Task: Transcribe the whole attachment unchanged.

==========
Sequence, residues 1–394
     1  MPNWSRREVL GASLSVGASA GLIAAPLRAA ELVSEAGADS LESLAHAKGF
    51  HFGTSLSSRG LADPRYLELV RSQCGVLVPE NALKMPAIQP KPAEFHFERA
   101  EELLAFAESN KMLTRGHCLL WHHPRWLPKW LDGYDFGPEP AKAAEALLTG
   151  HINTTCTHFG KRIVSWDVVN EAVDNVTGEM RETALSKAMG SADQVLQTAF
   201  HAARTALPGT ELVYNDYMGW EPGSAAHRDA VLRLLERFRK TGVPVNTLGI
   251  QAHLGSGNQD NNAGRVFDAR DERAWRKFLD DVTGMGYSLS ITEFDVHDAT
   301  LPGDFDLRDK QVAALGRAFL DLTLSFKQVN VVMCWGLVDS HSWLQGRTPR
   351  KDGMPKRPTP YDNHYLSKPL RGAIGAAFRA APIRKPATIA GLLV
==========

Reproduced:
Sequence, residues 1–394
     1  MPNWSRREVL GASLSVGASA GLIAAPLRAA ELVSEAGADS LESLAHAKGF
    51  HFGTSLSSRG LADPRYLELV RSQCGVLVPE NALKMPAIQP KPAEFHFERA
   101  EELLAFAESN KMLTRGHCLL WHHPRWLPKW LDGYDFGPEP AKAAEALLTG
   151  HINTTCTHFG KRIVSWDVVN EAVDNVTGEM RETALSKAMG SADQVLQTAF
   201  HAARTALPGT ELVYNDYMGW EPGSAAHRDA VLRLLERFRK TGVPVNTLGI
   251  QAHLGSGNQD NNAGRVFDAR DERAWRKFLD DVTGMGYSLS ITEFDVHDAT
   301  LPGDFDLRDK QVAALGRAFL DLTLSFKQVN VVMCWGLVDS HSWLQGRTPR
   351  KDGMPKRPTP YDNHYLSKPL RGAIGAAFRA APIRKPATIA GLLV